Berlin - 1943

Everyone would be brave if they left their stomachs at home.

Everyone would be brave if they left their stomachs at home.
Everyone would be brave if they left their stomachs at home.
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In what has been considered one of the milestones in broadcast journalism, Edward R. Murrow reported his eyewitness account of a bombing raid over Berlin, this day in 1943.

Taking part in what had become a nightly bombing run over Germany, Murrow was aboard a Lancaster Bomber, one of the 425 taking part on this particular night. Murrow was one of 5 journalists who went along, and one of two who came back.  Of the 425 Lancasters taking part in the raid over Berlin, 43 were lost either during the raid or upon return.

Murrow describes in vivid detail the raid and its affect not only on Berlin but on the crew members who did this sort of thing each night. It was one of the most dramatic accounts of military action up to that point in the war and it would set a standard for reporting years and decades to come.

Edward R. Murrow:
“The bomb doors were opened. Buzz called his directions: “Five left, five left.” And then, there was a gentle, confident upward thrust under my feet and Buzz said, “Cookie gone.” A few seconds later, the incendiaries went, and D-Dog seemed lighter and easier to handle. I thought I could make out the outline of streets below, but the bomb-aimer didn’t agree, and he ought to know. By this time, all those patches of white on black had turned yellow and started to flow together. Another searchlight caught us but didn’t hold us. Then, through the intercom came the word, “One can of incendiaries didn’t clear. We’re still carrying it.” And Jock replied, “Is it a big one or a little one?” The word came back: “Little one, I think, but I’m not sure. I’ll check.” More of those yellow flares came down and hung about us. I haven’t seen so much light since the war began.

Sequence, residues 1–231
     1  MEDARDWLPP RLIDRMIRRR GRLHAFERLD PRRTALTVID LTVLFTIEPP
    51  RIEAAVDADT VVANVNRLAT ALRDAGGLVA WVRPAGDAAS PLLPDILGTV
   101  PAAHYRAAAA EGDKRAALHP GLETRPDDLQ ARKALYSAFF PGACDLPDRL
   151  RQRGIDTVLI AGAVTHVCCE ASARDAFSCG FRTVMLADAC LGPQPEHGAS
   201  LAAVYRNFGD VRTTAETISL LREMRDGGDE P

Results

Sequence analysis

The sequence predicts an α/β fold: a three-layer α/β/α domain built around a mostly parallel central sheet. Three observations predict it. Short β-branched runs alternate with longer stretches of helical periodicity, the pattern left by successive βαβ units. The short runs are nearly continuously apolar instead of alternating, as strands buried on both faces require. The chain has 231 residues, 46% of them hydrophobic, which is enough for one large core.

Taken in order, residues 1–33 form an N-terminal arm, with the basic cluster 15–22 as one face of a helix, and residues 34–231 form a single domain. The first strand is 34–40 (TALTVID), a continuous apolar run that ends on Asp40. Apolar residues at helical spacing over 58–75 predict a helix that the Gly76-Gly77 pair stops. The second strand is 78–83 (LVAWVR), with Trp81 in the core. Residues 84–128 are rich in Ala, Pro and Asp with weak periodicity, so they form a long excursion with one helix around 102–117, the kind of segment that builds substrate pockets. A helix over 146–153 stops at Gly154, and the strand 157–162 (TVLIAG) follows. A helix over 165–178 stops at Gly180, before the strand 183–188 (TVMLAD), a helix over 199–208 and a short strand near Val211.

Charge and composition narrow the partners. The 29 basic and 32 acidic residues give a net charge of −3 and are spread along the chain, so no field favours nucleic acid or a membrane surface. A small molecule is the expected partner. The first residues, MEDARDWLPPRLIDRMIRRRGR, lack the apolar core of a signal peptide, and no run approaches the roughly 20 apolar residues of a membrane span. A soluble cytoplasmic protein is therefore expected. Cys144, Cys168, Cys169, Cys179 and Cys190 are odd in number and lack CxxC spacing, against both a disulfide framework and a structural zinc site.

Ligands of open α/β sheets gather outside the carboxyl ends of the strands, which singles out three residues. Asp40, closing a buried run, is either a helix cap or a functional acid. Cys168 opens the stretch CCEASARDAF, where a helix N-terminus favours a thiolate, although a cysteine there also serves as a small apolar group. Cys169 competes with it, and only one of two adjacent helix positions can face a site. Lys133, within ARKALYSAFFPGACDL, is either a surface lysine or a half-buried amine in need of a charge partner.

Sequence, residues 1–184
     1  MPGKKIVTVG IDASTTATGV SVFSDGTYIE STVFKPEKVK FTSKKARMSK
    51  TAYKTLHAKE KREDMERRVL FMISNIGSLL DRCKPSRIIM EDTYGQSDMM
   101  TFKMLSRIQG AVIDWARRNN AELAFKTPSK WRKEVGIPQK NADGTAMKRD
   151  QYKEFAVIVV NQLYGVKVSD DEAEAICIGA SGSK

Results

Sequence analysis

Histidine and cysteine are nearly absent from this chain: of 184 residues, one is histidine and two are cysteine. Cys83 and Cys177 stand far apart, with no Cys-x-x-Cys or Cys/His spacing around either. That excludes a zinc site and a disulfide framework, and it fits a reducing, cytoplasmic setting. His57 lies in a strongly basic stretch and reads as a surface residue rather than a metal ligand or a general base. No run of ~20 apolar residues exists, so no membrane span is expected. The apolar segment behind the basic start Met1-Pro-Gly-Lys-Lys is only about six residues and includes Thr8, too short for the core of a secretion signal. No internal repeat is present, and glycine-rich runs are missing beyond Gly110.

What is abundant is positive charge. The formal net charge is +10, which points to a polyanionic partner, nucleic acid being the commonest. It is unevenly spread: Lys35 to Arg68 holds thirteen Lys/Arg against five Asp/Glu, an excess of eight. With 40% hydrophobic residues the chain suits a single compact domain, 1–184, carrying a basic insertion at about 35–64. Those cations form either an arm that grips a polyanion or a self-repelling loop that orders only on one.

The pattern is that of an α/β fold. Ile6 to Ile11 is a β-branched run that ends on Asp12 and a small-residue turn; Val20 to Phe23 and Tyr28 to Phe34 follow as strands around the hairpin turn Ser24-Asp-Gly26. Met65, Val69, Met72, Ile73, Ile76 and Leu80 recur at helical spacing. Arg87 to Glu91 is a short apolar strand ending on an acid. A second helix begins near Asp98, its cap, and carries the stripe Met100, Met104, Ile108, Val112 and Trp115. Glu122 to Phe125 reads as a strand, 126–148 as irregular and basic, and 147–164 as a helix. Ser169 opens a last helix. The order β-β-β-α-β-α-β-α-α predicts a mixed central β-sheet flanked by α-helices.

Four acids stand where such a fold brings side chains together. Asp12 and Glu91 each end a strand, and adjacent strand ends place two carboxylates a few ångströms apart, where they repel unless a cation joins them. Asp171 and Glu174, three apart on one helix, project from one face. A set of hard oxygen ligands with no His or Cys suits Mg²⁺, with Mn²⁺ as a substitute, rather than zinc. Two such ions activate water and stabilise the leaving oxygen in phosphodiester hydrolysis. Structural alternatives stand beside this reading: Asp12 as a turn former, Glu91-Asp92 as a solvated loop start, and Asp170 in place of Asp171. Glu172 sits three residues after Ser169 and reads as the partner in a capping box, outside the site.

Finally, the intercom announced that it was only a small container of incendiaries left, and Jock remarked, “Well, it’s hardly worth going back and doing another run up for that.” If there had been a good fat bundle left, he would have gone back through that stuff and done it all over again. I began to breathe, and to reflect again — that all men would be brave if only they could leave their stomachs at home — when there was a tremendous whoomph, an unintelligible shout from the tail gunner, and D-Dog shivered and lost altitude. I looked to the port side and there was a Lancaster that seemed close enough to touch. He had whipped straight under us — missed us by twenty-five, fifty feet, no one knew how much”

Here is that complete newscast from December 3, 1943 as heard over CBS Radio.

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1 thought on “December 3, 1943 – Orchestrated Hell – Raid Over Berlin

  1. Ernie Pyle was invited to join a pending mission by the crew of a Flying Fort in 1944, and declined. He explained to them that other journalists had already flown such missions, and there was little he could add to their reports. More importantly, he admitted he was through sticking his neck out when he could avoid it. To his surprise, the crew congratulated him for his good sense, and admitted they were merely being polite in having made the offer at all.

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